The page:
The biggest barrier cited by many (most?) to cycling is not feeling safe. Personally, I'm slightly sceptical whether anything can fix that one. Some people are simply not confident enough to be alongside any motorised traffic - but there is no way London will ever be anything other than a patchwork of only vaguely connected cycling routes. There simply isn't the will, and probably not enough space, to segregate traffic like this everywhere it is needed. And speaking personally, I kinda feel it sends the wrong message to put cyclists separate to pedestrians and motorised traffic. Again, I'd be much more inclined to widen pavements and make them shared use. Or even get rid of any separation between vehicular and pedestrian traffic for virtually all of central London, and make the pedestrian king, the cyclist queen and motorised traffic the knave in terms of presumed liability.

We need big cultural change. Road rage needs to be made socially unacceptable. Aggression/risk taking etc has no place on highways by either cyclists or motorists. I find it interesting that Tube users just endure much worse conditions in resigned silence or tinged with mild humour - but motorists/cyclists are not able to bring the same level of sanguineness to their travel.

Boris' painted blue areas genuinely scare me as they hold surface water when wet and are slightly glossy. I'm surprised more cyclists don't slip on these.

But perhaps we'll see a tipping point with heavy investment to more than doubling. I have no figures to back this up, but anecdotally I'd say cycling has already more than doubled in the last decade. When I was living there you might see one or rarely two cyclists alongside you at traffic lights during rush hour. Now it's quite often half a dozen - and that's even outside of rush hour.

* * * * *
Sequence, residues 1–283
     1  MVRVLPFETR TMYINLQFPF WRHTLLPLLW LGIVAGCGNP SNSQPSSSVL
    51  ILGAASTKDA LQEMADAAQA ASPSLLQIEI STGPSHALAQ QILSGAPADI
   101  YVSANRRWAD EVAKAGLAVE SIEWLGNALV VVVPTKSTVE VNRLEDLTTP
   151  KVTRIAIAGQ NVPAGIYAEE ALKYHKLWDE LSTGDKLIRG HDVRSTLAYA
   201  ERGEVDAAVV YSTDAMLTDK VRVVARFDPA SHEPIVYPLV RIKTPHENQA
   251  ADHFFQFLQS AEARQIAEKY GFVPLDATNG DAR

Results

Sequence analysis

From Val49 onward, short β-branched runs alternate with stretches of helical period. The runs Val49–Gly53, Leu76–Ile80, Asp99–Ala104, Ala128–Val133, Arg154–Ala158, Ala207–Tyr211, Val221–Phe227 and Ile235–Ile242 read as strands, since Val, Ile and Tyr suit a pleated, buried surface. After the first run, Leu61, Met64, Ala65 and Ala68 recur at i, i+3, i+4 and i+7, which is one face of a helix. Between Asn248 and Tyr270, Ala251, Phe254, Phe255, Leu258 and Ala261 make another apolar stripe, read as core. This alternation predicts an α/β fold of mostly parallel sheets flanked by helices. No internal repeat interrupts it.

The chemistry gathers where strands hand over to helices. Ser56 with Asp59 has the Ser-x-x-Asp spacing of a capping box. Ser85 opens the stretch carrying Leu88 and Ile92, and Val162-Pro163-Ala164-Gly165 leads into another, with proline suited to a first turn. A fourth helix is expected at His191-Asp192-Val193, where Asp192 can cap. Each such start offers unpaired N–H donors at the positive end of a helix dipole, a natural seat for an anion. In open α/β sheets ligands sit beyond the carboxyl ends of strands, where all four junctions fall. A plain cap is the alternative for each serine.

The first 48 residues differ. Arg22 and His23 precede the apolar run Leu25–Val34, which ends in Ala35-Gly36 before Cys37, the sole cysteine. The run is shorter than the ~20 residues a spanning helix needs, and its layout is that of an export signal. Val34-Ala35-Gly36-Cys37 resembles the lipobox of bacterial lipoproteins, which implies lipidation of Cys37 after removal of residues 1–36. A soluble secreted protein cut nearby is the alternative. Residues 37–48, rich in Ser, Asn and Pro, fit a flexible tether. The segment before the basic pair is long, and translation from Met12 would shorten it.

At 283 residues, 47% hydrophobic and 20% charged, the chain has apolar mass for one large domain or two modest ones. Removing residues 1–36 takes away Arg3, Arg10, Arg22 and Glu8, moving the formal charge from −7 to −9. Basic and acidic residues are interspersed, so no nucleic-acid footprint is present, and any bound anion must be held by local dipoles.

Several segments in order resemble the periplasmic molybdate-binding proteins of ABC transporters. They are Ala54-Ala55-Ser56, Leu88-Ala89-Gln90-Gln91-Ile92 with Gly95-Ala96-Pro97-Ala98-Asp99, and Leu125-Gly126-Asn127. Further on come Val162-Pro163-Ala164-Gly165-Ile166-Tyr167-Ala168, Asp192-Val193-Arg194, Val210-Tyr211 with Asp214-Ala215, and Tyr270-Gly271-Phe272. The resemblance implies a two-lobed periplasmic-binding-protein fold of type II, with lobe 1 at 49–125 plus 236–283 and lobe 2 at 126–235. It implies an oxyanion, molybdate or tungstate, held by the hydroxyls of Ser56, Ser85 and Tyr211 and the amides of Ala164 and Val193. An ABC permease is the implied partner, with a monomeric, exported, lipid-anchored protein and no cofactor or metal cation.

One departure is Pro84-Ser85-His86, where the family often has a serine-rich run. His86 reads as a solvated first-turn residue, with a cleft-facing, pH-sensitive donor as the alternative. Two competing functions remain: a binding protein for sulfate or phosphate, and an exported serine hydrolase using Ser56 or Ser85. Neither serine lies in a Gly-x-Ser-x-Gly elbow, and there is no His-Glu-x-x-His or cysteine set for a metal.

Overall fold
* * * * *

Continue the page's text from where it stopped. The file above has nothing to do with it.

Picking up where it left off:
I do think transportation in London could be managed better. It's a 24-hour city. Many deliveries could be made outside of rush hour/working hours. I'd discourage private traffic during peak hours even more. Essentially during the working day and rush hour, I think central London should be largely left to public transport (buses/black cabs/tube), emergency services, cyclists and pedestrians.

Further London is an old city. Many of the roads were simply never designed to take this amount of motorised traffic.

Air pollution. London has a terrible problem with this and regularly breaches EU limits in some areas.

Having heavy traffic, even the large number of buses, on places like Oxford St baffles me. What should be a prime shopping area pretty much given over to pedestrians seems to be largely a rat run for buses. You can have anything up to a dozen buses at one time trying to inch their way down there.

My commute was 40 mins each way. It was doable because I found routes that largely kept me away from motorised traffic and the workplace provided showers. Frankly, the tube wouldn't be any quicker. Again given the relative youth of London's population it doesn't seem unfeasible that if we could move more people from public transport into cycling then perhaps it might ease the burden a little.

Of course it's reversible. Much of the infrastructure used to be given over to trams, but obviously with one or two exceptions no longer is.

Share this post


Link to post
Share on other sites

Maybe rewrite without the negative, makes it harder to read.

Very few people would argue that the cause of encouraging people to swap their cars for bicycles for journeys in London is not a noble one.

Share this post


Link to post
Share on other sites

The biggest barrier cited by many (most?) to cycling is not feeling safe.

There's a bigger corollary to that. Peer pressure, and above all, parental pressure. If parents won't let their kids go out on bikes then the kids will grow up not-cycling (and will, incidentally, reach driving age without having developed road sense).

Share this post


Link to post
Share on other sites

There's a bigger corollary to that. Peer pressure, and above all, parental pressure. If parents won't let their kids go out on bikes then the kids will grow up not-cycling (and will, incidentally, reach driving age without having developed road sense).